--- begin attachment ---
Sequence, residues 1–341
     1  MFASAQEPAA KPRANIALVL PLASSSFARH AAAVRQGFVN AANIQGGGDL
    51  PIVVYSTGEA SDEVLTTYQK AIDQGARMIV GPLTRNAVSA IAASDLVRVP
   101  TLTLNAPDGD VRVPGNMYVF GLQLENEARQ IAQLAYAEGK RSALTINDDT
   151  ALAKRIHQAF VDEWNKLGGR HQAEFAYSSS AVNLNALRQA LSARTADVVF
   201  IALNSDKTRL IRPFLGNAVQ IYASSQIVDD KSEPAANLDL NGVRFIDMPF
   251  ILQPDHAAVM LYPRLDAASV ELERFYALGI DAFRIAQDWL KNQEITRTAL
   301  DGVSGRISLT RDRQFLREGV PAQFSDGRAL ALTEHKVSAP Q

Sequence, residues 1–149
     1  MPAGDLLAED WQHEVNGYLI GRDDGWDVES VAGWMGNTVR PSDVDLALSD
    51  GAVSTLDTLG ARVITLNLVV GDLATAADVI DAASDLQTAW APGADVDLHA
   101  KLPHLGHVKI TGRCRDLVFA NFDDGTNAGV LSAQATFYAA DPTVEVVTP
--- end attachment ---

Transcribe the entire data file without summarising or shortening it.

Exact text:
Sequence, residues 1–341
     1  MFASAQEPAA KPRANIALVL PLASSSFARH AAAVRQGFVN AANIQGGGDL
    51  PIVVYSTGEA SDEVLTTYQK AIDQGARMIV GPLTRNAVSA IAASDLVRVP
   101  TLTLNAPDGD VRVPGNMYVF GLQLENEARQ IAQLAYAEGK RSALTINDDT
   151  ALAKRIHQAF VDEWNKLGGR HQAEFAYSSS AVNLNALRQA LSARTADVVF
   201  IALNSDKTRL IRPFLGNAVQ IYASSQIVDD KSEPAANLDL NGVRFIDMPF
   251  ILQPDHAAVM LYPRLDAASV ELERFYALGI DAFRIAQDWL KNQEITRTAL
   301  DGVSGRISLT RDRQFLREGV PAQFSDGRAL ALTEHKVSAP Q

Sequence, residues 1–149
     1  MPAGDLLAED WQHEVNGYLI GRDDGWDVES VAGWMGNTVR PSDVDLALSD
    51  GAVSTLDTLG ARVITLNLVV GDLATAADVI DAASDLQTAW APGADVDLHA
   101  KLPHLGHVKI TGRCRDLVFA NFDDGTNAGV LSAQATFYAA DPTVEVVTP